Depression in people with skin conditions: the effects of disgust and self-compassion

CLARKE, Elaine, THOMPSON, A.R. and NORMAN, P. (2020). Depression in people with skin conditions: the effects of disgust and self-compassion. British Journal of Health Psychology, 25 (3), 540-557.

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Official URL: https://bpspsychub.onlinelibrary.wiley.com/doi/10....
Open Access URL: https://bpspsychub.onlinelibrary.wiley.com/doi/epd... (Published version)
Link to published version:: https://doi.org/10.1111/bjhp.12421
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    Abstract

    Objectives Skin conditions can be accompanied by significant levels of depression; there is therefore a need to identify the associated psychological factors to assist with the development of appropriate interventions. This study sought to examine the effects of disgust propensity, disgust sensitivity, self-focused/ruminative disgust, and self-compassion on depression in people with skin conditions. Design A cross-sectional survey with follow-up survey. Methods Dermatology outpatients (N = 147) completed self-report measures of disgust traits, self-compassion, and depression. At three-month follow-up, participants (N = 80) completed the depression measure again. Results Multiple regression analyses revealed that disgust propensity, disgust sensitivity, self-focused/ruminative disgust, and self-compassion each explained significant amounts of variance in baseline depression. Self-compassion also explained a significant amount of variance in depression at follow-up, after accounting for baseline depression. In addition, self-compassion moderated the effect of disgust propensity on depression at baseline, such that at high levels of self-compassion, disgust propensity no longer had a positive relationship with depression. Conclusions Disgust traits contribute to depression in people with skin conditions, while being self-compassionate may be protective against depression. High self-compassion also buffers the effects of disgust propensity on depression in people with skin conditions. The findings indicate the potential of compassion-focused interventions for depression in people with skin conditions. Statement of contribution What is already known on this subject? People with skin conditions can experience depression that is not well explained by condition severity. Skin conditions can elicit disgust reactions that, in turn, may contribute to the development of depression. Self-compassion is negatively associated with depression. What does this study add? Disgust traits explain significant variance in depression in people with skin conditions. Self-compassion may protect against depression through main and moderation effects. Disgust and self-compassion may provide important targets for interventions.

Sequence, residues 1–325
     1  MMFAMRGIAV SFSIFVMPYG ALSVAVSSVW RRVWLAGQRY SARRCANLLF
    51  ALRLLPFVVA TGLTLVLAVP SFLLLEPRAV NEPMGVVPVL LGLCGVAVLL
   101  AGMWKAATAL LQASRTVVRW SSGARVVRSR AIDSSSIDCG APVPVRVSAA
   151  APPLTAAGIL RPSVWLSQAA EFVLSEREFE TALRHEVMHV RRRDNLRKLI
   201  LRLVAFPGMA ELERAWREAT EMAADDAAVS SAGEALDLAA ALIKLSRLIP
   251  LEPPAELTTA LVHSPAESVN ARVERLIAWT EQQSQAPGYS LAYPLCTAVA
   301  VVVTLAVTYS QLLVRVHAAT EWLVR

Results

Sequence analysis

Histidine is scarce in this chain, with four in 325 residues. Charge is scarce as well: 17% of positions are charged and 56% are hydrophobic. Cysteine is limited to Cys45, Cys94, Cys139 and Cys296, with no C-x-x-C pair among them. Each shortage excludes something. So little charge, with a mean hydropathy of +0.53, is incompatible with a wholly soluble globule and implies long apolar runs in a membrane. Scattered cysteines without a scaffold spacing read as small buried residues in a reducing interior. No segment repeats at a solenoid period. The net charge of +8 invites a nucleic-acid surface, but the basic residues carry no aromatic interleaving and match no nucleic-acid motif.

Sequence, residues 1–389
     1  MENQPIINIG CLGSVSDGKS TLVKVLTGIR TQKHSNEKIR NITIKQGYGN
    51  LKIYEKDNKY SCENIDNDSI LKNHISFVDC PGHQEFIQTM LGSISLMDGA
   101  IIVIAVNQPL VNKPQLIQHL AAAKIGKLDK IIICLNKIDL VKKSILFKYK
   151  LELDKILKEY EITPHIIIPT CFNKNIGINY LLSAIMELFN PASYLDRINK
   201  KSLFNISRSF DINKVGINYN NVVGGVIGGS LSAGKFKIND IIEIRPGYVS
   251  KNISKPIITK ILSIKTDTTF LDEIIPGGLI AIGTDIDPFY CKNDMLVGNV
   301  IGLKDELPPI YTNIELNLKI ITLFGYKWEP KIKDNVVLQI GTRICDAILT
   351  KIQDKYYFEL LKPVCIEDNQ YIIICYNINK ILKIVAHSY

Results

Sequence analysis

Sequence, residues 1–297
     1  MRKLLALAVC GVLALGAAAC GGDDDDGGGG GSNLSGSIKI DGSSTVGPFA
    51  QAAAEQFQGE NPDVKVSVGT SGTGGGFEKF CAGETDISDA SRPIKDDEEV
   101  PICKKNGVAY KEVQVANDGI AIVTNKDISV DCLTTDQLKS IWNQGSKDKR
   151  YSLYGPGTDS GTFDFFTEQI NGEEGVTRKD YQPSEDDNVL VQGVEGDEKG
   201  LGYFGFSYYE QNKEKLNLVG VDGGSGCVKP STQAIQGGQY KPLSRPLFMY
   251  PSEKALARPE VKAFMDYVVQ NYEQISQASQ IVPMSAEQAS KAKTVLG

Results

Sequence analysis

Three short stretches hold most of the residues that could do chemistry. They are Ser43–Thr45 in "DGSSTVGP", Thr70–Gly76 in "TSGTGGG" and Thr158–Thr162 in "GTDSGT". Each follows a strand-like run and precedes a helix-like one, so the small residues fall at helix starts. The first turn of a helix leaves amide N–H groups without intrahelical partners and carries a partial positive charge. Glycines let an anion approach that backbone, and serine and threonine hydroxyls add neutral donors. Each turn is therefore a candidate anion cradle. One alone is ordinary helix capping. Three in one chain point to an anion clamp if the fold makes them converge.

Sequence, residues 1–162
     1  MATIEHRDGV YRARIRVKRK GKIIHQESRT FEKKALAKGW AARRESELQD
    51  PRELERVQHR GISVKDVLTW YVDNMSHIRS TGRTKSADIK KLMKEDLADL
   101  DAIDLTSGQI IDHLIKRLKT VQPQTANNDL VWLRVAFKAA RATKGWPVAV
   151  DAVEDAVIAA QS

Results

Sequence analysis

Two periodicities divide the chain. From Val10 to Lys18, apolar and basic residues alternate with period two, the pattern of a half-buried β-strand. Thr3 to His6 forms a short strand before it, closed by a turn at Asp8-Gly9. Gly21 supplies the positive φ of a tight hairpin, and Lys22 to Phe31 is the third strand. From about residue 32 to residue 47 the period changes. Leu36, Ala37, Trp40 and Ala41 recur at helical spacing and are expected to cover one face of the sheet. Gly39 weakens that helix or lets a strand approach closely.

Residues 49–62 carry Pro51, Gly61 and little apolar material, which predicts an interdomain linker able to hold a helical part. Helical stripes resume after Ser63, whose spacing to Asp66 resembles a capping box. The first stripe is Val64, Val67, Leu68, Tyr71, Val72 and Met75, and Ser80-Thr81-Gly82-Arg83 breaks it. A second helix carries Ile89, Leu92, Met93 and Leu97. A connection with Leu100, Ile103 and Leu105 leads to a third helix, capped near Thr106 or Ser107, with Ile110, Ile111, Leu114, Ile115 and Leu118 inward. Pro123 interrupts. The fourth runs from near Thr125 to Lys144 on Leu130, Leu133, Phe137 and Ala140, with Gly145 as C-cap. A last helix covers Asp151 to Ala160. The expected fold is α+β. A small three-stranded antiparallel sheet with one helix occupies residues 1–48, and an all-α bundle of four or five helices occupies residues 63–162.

Item Type: Article
    Uncontrolled Keywords: depression; dermatology; disgust; psychodermatology; self-compassion; depression; dermatology; disgust; psychodermatology; self-compassion; Cross-Sectional Studies; Depression; Disgust; Empathy; Humans; Skin; Skin; Humans; Cross-Sectional Studies; Depression; Empathy; Disgust; Clinical Psychology; 1117 Public Health and Health Services; 1608 Sociology; 1701 Psychology
    Identification Number: https://doi.org/10.1111/bjhp.12421
    Page Range: 540-557
    SWORD Depositor: Symplectic Elements
    Depositing User: Symplectic Elements
    Date Deposited: 09 Sep 2022 14:16
    Last Modified: 09 Sep 2022 14:16
    URI: http://shura.shu.ac.uk/id/eprint/30374

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